April 15th - April 21st, 2005
Downtown Residential Market Surge Stays Steady
Friday, April 15: Lower Manhattan's residential real estate market continues to grow at record pace, with nearly double the amount of residents living below Chambers Street than before September 11, 2001, according to real estate experts, the New York Times reported.
Based on recent statistics, there are more than 30,000 residents living below Chambers Street, up from the 15,000 to 20,000 recorded before 9/11. Additionally, more than 9,000 office units have been converted into apartments, a third of them since 2001, and several new residential buildings are planned near the World Trade Center site, the paper said.
While Lower Manhattan remains the third-largest commercial district in the country, trailing midtown Manhattan and the Loop in Chicago, the surge in residential real estate marks a key development in the downtown rebuilding effort, as well as Mayor Michael Bloomberg's "Vision for Lower Manhattan," which calls for a mixed-use 24-hour community, the Times noted.
"I think we are coming to the point of reaching an appropriate balance of commercial and residential in Lower Manhattan," Daniel L. Doctoroff, the deputy mayor for economic development, told the Times. "We have to monitor very carefully what happens to that balance."
While New York City's population boom in recent years and the accompanying surge in prices have caused many residents to relocate downtown, post-9/11 incentives, such as the Liberty bond program and a grant program for reduced rents for downtown, are also credited for the upsurge, the paper added.
Staten Island Ferry to Get Hi-Tech Makeover
Friday, April 15: Staten Island ferryboats may soon be equipped with new digitized navigational charts that will automatically alert operators if a boat veers off course or is in danger of crashing, the New York Post reported.
A pilot program, scheduled to launch in May, will install the technology on the Andrew J. Barberi -- the same ferry that collided with a dock in October 2003, killing 11 passengers and injuring 71 others, the paper said.
According to a New York Times article, New York City Department of Transportation (NYCDOT) Commissioner Iris Weinshall reviewed a plan for aggressive changes to the ferry system during a review of the federal investigation of the 2003 crash before New York City Council. Included in the plan is the purchase of new safety equipment, the hiring of dozens of new employees and the development of a safety plan.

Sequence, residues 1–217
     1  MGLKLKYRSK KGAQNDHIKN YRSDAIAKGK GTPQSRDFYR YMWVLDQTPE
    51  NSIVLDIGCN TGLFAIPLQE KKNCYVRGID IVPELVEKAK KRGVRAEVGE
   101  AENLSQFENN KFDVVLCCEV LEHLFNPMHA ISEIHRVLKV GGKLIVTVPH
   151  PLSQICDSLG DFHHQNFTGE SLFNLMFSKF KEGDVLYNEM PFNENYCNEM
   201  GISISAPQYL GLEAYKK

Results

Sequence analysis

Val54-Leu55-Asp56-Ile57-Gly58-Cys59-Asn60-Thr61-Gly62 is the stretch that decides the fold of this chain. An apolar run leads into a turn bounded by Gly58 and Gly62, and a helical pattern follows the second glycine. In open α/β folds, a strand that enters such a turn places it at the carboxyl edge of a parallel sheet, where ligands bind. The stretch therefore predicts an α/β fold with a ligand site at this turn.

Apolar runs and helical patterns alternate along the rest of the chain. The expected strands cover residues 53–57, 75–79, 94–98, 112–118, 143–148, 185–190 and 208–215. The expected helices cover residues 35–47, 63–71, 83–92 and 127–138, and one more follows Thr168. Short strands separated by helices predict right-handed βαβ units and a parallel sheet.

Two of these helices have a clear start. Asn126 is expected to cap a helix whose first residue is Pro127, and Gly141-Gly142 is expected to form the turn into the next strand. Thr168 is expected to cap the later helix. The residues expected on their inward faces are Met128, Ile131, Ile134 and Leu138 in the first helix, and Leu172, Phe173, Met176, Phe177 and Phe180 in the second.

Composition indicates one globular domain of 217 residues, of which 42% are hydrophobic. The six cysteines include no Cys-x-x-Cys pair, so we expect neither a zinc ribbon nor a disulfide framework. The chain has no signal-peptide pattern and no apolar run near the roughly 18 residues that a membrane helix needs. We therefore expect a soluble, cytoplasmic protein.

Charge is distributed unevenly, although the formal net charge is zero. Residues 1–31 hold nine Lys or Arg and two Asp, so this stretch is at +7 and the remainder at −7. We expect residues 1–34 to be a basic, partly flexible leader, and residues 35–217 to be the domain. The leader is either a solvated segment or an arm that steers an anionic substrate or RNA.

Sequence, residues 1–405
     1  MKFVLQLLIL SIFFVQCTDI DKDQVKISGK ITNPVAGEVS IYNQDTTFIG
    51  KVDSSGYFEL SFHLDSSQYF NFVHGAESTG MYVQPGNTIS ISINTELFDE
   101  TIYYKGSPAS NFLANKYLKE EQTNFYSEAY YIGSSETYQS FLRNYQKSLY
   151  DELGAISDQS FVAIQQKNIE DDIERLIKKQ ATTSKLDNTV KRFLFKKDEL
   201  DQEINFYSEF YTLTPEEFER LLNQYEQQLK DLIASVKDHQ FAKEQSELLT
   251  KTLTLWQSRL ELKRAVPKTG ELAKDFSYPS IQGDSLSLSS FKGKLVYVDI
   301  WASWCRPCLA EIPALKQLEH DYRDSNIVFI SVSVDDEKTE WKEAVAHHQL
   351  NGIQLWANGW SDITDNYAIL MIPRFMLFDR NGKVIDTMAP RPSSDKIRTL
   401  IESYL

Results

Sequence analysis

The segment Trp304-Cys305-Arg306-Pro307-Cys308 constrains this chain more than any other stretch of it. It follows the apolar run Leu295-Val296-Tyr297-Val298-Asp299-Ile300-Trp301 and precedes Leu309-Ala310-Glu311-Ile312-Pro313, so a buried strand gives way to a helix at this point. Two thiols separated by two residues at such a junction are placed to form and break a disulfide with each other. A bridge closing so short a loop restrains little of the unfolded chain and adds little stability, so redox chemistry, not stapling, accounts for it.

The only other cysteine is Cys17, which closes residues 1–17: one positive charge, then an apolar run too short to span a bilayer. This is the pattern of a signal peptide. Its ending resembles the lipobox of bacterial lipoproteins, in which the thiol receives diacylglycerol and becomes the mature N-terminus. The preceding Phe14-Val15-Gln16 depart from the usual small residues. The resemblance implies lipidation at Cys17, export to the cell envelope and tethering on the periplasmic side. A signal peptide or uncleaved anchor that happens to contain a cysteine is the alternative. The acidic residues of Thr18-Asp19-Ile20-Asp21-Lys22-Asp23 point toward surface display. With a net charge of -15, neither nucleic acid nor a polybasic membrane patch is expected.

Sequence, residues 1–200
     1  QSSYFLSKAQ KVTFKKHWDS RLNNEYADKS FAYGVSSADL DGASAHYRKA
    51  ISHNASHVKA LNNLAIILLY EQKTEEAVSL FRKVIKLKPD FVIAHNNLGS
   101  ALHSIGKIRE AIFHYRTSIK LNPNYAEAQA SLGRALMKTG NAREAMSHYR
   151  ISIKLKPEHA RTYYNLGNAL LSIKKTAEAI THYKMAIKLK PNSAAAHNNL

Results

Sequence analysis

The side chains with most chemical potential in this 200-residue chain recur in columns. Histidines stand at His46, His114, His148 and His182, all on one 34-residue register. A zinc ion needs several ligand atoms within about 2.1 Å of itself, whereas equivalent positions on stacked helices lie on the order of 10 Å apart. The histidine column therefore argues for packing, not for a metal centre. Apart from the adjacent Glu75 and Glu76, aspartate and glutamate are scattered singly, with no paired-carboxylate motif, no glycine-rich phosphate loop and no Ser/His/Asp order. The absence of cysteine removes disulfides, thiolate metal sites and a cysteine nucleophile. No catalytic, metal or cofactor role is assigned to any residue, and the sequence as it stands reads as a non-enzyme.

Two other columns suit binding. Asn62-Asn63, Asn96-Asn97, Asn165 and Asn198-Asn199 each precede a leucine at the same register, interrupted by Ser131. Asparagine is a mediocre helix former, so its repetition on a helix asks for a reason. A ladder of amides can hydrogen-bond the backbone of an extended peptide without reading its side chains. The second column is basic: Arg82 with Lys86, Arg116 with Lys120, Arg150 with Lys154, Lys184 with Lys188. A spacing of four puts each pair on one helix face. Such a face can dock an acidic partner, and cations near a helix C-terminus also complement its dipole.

Archivists Launch Survey of WTC Records
Wednesday, April 20: An archivist organization announced that it will conduct a survey of records related to the September 11, 2001 attacks on the World Trade Center and compile a registry of institutions offering information about the attack, as well as responses from people directly affected by the event, the Associated Press reported.
The Archivist Round Table of Metropolitan New York Inc., a nonprofit organization comprised of more than 330 archivists, librarians and record managers, is asking all individuals and organizations with records, information or artifacts related to the 9/11 attacks to fill out a survey available on the group's website, AP explained.
Funded by a $24,365 grant from New York State's Documentary Heritage Program, the project seeks to organize the information in a database, much of which will be made available to researchers, AP added.
Tribeca Film Festival Kicks Off Its Fourth Year
Thursday, April 21: Mayor Michael Bloomberg joined Tribeca Film Festival co-founders Robert De Niro, Jane Rosenthal and Craig Hatkoff to kick off the fourth annual Tribeca Film Festival. The event will showcase more than 250 features, documentaries, and short films - along with interactive speaking panels, free community events, and a Family Festival -- in locations throughout Lower Manhattan before its close on May 1. For complete coverage, click here.
Subways Back on Track After Chambers Street Blaze
Thursday, April 21: The Metropolitan Transportation Authority (MTA) announced that full service on the A and C subway lines has been restored, after months of extensive repair required after a fire tore through Lower Manhattan's Chambers Street subway station and disrupted service on both lines, the New York Times reported.
The January 23 blaze, which is thought to have been caused by a small fire in a tunnel near the Chambers Street Station, spread to the station's underground central control center and destroyed a signal relay system. The signal equipment, which dates back to the 1930s, is responsible for detecting train locations and signaling the authorization of train movements to train operators through a series of traffic light-like communications.
Although MTA officials initially predicted the service disruption would last three to five years, a revised repair plan that included a temporary system to control train signals, and round-the-clock work allowed for the majority of the service on the A and C to resume on February 1.
According to MTA estimates, the replacement of the damaged signal equipment is expected to cost in excess of $10 million and is expected to take several years to complete, the Times added.